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RSS FeedsSensors, Vol. 19, Pages 1402: Improved Detection of Plasmon Waveguide Resonance Using Diverging Beam, Liquid Crystal Retarder, and Application to Lipid Orientation Determination (Sensors)

 
 

21 march 2019 21:02:26

 
Sensors, Vol. 19, Pages 1402: Improved Detection of Plasmon Waveguide Resonance Using Diverging Beam, Liquid Crystal Retarder, and Application to Lipid Orientation Determination (Sensors)
 




Plasmon waveguide resonance (PWR) sensors exhibit narrow resonances at the two orthogonal polarizations, transverse electric (TE) and transverse magnetic (TM), which are narrower by almost an order of a magnitude than the standard surface plasmon resonance (SPR), and thus the figure of merit is enhanced. This fact is useful for measuring optical anisotropy of materials on the surface and determining the orientation of molecules with high resolution. Using the diverging beam approach and a liquid crystal retarder, we present experimental results by simultaneous detection of TE and TM polarized resonances as well as using fast higher contrast serial detection with a variable liquid crystal retarder. While simultaneous detection makes the system simpler, a serial one has the advantage of obtaining a larger contrast of the resonances and thus an improved signal-to-noise ratio. Although the sensitivity of the PWR resonances is smaller than the standard SPR, the angular width is much smaller, and thus the figure of merit is improved. When the measurement methodology has a high enough angular resolution, as is the one presented here, the PWR becomes advantageous over other SPR modes. The possibility of carrying out exact numerical simulations for anisotropic molecules using the 4 × 4 matrix approach brings another advantage of the PWR over SPR on the possibility of extracting the orientation of molecules adsorbed to the surface. High sensitivity of the TE and TM signals to the anisotropic molecules orientation is found here, and comparison to the experimental data allowed detection of the orientation of lipids on the sensor surface. The molecular orientations cannot be fully determined from the TM polarization alone as in standard SPR, which underlines the additional advantage of the PWR technique.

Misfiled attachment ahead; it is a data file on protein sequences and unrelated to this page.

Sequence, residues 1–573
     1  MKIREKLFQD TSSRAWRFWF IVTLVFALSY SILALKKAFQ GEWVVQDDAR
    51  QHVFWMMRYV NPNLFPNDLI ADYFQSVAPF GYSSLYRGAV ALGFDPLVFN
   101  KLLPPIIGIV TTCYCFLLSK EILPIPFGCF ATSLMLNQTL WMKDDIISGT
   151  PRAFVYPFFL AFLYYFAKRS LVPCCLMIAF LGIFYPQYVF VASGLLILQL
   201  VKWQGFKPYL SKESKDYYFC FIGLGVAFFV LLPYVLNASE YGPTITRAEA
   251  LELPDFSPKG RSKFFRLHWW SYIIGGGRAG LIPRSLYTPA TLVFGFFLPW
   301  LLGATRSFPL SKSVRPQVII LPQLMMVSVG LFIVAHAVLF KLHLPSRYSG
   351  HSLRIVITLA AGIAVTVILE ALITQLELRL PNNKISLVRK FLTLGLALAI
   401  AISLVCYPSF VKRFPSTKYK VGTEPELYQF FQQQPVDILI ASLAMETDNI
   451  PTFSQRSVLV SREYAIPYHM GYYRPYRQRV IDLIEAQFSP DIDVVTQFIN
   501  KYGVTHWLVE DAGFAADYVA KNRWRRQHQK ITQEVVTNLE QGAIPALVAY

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35 viewsCategory: Chemistry, Physics
 
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